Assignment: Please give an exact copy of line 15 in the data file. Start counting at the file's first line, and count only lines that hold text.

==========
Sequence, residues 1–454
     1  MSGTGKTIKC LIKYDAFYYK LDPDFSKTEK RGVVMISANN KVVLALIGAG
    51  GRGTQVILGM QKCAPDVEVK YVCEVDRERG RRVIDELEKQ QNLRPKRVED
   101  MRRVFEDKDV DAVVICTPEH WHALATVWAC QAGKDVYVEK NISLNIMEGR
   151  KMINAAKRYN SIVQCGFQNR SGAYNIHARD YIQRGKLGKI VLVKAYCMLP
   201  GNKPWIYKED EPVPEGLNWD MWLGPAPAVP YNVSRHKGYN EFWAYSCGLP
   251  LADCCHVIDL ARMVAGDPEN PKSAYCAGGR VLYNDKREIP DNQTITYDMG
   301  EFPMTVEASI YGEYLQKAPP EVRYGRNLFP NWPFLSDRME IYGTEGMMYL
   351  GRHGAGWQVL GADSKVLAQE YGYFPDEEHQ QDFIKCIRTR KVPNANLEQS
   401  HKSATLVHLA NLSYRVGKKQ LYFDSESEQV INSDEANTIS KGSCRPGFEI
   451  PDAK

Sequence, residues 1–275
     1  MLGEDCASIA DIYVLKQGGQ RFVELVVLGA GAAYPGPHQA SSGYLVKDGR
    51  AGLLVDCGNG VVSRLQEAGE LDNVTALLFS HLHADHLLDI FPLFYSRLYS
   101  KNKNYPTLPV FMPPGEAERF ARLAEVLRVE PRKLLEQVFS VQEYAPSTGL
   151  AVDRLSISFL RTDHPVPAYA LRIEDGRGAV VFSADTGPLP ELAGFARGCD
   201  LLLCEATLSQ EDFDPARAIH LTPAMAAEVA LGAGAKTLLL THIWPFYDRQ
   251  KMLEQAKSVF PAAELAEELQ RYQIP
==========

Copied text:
   101  KNKNYPTLPV FMPPGEAERF ARLAEVLRVE PRKLLEQVFS VQEYAPSTGL